What’s more, research shows that calcium carbonate supplements don’t increase the risk of miscarriage, and they aren’t expected to increase the risk of birth defects. Other complications, such as preterm delivery and low birth weight, also haven’t been associated with calcium carbonate.8
How to Take TUMS While Pregnant
Our experts answered parents’ most common questions about the best ways to take TUMS during pregnancy, as well as any necessary safety precautions.
How much TUMS can pregnant people take?
Pregnant people should aim for around 1,000 mg of calcium per day, according to the National Institutes of Health. Those under 18 years old need about 1,300 mg daily. That said, pregnant people should be careful not to exceed the maximum recommended daily limit of 2,500 mg (or 3,000 mg for teens). Side effects of excess calcium may include poor kidney function, constipation, nausea, abnormal heart rhythms, and more.9
Kristin Mallon, CNM, RN, certified nurse-midwife and co-founder and CEO at FemGevity, recommends starting with a lower dose of TUMS. “I usually recommend the lowest dose of TUMS, so that you can take more TUMS more often,” she says. This means taking normal-strength TUMS and avoiding extra-strength varieties. Usually one TUMS, or even half of a TUMS, will work to alleviate symptoms, says Mallon.
How often can you take TUMS?
Although taking TUMS is fine during pregnancy, you don’t want to go overboard. “A good rule of thumb with TUMS is two in the morning and two in the evening, or no more than five in one day unless advised otherwise by your doctor,” says Dr. Walker.
What type of TUMS are best?
Dr. Walker recommends choosing a regular-strength TUMS, with no added ingredients. Each variety of TUMS has a different calcium level, so make sure to check the product bottle.
Who should avoid TUMS while pregnant?
Always consult with a health care provider before taking any medication in pregnancy, reminds Dr. Walker. She says that if you’re taking iron supplements, you should avoid using TUMS within two hours, as this can decrease the amount of iron your body absorbs.10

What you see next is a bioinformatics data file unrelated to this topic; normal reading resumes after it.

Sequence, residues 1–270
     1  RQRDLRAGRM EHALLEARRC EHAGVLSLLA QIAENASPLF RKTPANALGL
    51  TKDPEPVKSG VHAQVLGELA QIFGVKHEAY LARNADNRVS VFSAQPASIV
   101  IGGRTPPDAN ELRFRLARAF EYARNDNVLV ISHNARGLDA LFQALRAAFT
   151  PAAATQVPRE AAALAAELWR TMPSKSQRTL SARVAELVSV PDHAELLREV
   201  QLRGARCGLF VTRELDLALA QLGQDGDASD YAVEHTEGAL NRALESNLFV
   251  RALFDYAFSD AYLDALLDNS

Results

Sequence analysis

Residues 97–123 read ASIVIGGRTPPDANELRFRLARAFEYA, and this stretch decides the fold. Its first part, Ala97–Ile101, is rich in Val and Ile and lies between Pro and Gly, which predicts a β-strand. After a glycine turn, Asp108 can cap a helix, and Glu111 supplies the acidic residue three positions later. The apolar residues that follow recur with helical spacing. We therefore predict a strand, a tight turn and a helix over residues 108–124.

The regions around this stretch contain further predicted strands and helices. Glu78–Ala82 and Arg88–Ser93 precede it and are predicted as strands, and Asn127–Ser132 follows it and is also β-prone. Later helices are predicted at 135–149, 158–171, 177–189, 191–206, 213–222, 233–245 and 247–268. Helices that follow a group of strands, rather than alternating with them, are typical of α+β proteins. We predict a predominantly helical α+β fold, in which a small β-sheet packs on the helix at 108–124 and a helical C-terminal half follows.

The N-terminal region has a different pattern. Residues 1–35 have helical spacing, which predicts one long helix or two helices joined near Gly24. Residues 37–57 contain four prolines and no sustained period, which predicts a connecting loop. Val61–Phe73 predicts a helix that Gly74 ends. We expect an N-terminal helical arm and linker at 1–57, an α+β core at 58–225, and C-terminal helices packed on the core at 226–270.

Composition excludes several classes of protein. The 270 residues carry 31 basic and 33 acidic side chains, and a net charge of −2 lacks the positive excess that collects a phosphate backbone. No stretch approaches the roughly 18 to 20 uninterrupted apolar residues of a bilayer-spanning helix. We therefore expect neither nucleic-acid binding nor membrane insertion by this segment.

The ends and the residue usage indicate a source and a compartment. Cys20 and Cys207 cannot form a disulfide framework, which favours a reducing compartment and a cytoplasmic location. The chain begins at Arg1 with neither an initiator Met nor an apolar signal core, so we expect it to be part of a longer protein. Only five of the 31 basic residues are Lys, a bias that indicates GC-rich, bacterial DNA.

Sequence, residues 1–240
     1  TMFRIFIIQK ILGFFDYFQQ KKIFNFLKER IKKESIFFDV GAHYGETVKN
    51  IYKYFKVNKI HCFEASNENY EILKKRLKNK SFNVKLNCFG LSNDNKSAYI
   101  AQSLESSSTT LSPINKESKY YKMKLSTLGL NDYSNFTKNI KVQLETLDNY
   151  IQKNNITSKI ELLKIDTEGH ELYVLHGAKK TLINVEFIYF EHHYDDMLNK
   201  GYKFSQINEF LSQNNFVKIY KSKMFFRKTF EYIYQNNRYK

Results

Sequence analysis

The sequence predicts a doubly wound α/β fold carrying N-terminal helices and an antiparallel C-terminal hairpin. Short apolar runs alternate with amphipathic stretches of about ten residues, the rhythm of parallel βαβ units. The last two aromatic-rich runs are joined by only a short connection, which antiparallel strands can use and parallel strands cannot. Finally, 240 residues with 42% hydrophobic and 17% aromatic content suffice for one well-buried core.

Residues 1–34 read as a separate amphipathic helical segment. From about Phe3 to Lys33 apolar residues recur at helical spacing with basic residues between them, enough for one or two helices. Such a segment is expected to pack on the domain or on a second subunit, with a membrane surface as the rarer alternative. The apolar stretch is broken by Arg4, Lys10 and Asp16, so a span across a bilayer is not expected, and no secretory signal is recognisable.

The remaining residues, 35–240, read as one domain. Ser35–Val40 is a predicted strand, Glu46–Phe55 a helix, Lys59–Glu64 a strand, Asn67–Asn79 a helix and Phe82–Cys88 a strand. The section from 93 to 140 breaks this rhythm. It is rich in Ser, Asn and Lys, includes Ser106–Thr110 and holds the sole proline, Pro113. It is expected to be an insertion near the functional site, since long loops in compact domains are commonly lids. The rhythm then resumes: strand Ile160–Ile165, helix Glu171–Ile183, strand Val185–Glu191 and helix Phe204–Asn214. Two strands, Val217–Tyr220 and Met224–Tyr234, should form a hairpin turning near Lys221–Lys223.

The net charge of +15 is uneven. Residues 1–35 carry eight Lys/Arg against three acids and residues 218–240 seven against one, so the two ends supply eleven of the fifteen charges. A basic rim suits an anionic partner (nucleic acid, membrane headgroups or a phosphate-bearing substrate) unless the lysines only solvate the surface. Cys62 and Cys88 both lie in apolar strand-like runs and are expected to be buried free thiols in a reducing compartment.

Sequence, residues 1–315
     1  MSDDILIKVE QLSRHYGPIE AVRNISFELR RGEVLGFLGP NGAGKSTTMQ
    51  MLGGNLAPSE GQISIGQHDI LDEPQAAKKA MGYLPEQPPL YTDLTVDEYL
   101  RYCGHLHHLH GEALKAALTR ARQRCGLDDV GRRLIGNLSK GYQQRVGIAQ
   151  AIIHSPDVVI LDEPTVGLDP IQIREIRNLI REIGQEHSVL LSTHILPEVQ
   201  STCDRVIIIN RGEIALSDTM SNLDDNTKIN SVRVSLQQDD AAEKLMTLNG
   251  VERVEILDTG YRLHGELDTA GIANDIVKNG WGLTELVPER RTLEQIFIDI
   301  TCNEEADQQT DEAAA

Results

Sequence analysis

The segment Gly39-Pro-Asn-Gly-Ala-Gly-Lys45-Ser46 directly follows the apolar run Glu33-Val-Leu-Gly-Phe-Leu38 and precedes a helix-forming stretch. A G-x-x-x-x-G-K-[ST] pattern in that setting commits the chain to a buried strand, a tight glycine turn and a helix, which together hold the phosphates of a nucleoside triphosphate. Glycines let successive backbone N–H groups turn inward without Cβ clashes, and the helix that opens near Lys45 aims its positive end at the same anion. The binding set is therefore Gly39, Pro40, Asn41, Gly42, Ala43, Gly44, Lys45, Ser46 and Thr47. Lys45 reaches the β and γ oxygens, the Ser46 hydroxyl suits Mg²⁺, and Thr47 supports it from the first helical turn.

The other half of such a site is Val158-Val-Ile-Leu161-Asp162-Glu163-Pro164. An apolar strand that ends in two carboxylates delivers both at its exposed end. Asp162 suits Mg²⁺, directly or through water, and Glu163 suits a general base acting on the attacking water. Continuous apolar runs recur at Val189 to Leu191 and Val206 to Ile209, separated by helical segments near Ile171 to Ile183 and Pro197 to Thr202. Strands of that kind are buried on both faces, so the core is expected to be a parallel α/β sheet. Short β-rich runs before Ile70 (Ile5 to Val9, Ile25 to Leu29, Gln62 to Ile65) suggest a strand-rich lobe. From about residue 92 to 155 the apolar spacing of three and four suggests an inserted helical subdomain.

Additionally, if you have a history of kidney stones or another medical condition that requires you to avoid excess calcium, you may want to stay away from TUMS. Consult your health care provider for guidance.
Other Ways to Treat Pregnancy Heartburn
TUMS are a quick and easy way to relieve heartburn, but as the experts warn, you want to take TUMS in moderation. Moreover, treating heartburn in pregnancy usually requires a multi-faceted approach—making certain lifestyle tweaks and trying other potential remedies.
One of Mallon’s top tips for relieving heartburn in pregnancy is to change your eating habits. “Eating small, frequent meals allows for gastric acid to catch up with the delayed gastric emptying that comes with progesterone increases in pregnancy,” she shares.
Tips from the American College of Obstetricians and Gynecologists (ACOG) for managing heartburn include:
- Elevate your head while sleeping
- Avoid foods (e.g., spicy, acidic) that seem to make your heartburn worse
- Sit upright after eating; avoid lying down
- Avoid smoking
- Talk to a health care provider about medication options (antacids or otherwise) that may work best for you11
Heartburn during pregnancy is common, but it can be disruptive and uncomfortable. You shouldn’t have to just “grin and bear it.” If taking TUMS or other methods for managing heartburn aren’t working well enough for you, make sure to contact a health care provider for further assistance.